# Significant figures Help

1. Apr 23, 2015

### John_tawil

1. The problem statement, all variables and given/known data
This is a lab question. I'll summarize with key information.

Car traveling from Point A to Point B. You record the time and distance.

"Since the odometer gave the distance within 100 m, you estimated the uncertainty in d to be (Δd = ±0.1 km). Regarding the time, even though you did your best to take the meter reading at equal time intervals of 10 minutes, you still estimated a timing error of about 12 seconds (or Δtm = ±0.2 min)."

Here is the table they give you and we have to fill in the time in hours

2. Relevant equations
1min = 1/60 hrs

3. The attempt at a solution
At first, I look at the 12 seconds as 2 sig figs so my Δth should also be 2 sig figs... thus Δth = ±3.3E-3 hrs

I'm confused about the data they've given. 10.0 is 3 sig figs and 170.0 is 4 sig figs. So would my
10.0 ± 0.2 min become 1.67E-1 ± 3.3E-3 hrs
170.0 ±0.2 min become 2.833 ± 3.3E-3 hrs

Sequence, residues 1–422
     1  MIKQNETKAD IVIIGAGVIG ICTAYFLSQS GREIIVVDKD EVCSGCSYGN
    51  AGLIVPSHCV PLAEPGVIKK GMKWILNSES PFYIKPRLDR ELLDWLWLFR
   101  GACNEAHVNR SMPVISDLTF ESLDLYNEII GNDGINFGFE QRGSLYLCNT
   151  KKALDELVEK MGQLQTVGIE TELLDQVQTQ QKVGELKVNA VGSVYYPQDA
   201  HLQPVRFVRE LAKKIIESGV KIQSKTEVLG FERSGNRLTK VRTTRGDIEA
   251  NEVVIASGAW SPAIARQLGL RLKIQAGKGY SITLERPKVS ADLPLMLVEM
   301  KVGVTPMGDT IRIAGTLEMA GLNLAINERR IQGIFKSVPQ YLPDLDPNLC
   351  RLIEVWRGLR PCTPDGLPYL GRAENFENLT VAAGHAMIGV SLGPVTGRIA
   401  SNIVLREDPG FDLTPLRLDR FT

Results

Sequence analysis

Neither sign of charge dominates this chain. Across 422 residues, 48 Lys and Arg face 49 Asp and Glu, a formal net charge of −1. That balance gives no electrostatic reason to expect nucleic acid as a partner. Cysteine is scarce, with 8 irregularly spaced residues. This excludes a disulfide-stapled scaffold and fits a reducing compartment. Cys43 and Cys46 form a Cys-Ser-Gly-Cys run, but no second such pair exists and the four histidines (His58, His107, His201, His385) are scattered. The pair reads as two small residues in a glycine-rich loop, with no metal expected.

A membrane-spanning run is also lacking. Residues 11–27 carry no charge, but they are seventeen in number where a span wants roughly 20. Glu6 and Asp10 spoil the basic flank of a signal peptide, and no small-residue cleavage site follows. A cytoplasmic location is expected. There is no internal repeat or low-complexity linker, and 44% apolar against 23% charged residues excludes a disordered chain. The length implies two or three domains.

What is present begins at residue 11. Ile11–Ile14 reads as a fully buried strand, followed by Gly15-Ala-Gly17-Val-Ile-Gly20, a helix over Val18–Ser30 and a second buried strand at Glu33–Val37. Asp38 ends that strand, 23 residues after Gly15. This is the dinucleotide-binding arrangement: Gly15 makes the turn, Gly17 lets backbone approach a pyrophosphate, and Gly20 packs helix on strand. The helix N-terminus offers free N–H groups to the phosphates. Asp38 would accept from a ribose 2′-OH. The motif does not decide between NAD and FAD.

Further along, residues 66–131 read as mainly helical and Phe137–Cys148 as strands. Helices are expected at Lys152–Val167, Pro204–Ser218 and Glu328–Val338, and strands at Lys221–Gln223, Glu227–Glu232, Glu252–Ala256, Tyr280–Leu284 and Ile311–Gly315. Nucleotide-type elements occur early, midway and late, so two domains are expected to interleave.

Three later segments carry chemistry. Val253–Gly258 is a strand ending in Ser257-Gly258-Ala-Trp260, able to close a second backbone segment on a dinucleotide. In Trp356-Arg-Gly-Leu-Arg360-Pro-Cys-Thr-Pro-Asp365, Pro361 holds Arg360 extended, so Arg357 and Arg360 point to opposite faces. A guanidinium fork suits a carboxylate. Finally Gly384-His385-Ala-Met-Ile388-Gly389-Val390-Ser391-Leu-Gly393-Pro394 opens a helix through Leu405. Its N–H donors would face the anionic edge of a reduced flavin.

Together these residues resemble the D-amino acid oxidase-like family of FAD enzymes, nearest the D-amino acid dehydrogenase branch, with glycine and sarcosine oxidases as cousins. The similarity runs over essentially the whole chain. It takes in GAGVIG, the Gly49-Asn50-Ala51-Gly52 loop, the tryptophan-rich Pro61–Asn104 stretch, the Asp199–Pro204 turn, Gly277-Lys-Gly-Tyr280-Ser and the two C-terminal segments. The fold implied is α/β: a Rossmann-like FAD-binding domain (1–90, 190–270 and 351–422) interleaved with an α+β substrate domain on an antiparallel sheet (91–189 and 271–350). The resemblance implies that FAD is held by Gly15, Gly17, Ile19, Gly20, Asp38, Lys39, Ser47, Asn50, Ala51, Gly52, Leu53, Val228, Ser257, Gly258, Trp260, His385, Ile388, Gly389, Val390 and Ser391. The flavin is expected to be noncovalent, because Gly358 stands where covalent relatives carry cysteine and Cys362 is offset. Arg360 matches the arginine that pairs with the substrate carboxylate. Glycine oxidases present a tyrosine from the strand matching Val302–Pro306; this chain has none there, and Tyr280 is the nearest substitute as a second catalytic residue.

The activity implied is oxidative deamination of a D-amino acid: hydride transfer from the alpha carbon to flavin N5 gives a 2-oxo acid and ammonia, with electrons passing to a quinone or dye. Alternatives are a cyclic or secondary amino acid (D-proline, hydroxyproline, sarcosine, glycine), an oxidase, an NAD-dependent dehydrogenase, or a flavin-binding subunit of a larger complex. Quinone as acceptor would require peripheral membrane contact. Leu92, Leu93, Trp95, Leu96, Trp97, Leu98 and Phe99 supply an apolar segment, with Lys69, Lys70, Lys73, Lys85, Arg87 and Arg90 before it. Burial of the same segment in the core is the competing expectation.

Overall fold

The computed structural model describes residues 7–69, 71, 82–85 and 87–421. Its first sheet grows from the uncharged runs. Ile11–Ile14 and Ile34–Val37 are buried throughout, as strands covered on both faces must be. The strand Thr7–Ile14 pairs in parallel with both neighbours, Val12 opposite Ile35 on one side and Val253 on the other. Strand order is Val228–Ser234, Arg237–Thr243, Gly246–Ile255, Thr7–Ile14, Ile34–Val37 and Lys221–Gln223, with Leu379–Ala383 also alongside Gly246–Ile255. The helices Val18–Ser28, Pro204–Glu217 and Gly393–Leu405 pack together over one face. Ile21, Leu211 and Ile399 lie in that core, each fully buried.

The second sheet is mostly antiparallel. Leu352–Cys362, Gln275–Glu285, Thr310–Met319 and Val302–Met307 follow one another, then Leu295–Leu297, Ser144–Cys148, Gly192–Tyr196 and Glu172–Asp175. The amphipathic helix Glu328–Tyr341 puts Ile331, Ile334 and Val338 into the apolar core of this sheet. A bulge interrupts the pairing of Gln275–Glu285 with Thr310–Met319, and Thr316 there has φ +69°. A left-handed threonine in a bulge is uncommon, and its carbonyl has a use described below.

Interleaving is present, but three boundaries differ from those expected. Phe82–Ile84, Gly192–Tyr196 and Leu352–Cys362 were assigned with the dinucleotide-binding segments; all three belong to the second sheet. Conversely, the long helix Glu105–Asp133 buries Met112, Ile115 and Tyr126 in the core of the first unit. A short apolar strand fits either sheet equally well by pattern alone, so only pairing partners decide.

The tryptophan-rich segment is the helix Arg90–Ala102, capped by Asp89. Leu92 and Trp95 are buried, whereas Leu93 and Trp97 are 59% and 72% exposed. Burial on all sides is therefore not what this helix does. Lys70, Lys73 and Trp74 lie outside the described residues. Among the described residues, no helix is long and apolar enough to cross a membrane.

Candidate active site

2. Apr 23, 2015

### haruspex

Since you are quoting error ranges for the data, it is not a sin to have more digits than can strictly be justified. (It matters more when error ranges are not stated because in that case the reader infers the error range from the significant digits shown.)
But I do think it is wrong to have the error margin and the median terminating at different decimal positions. If you are going to quote the error range down to thousandths of an hour then you should do the same for median values.

3. Apr 23, 2015

### John_tawil

The lab deals with uncertainty and significant figures so I can't have more than I need because I'll lose points. Based on the information given, what do you guys think should my 10.0 min and 170.0 min be converted to?

4. Apr 23, 2015

### haruspex

Then I fear you are dealing with the opinions of your teacher more than with any real logic. I can't comment further without knowing exactly what you have been taught.
However, I do stand by my second observation, that the last digit should be at the same decimal place in median and error.
Edit: one more thought... arguably, you should always round the error range up, so 1/3 becomes 0.34, say, not 0.33.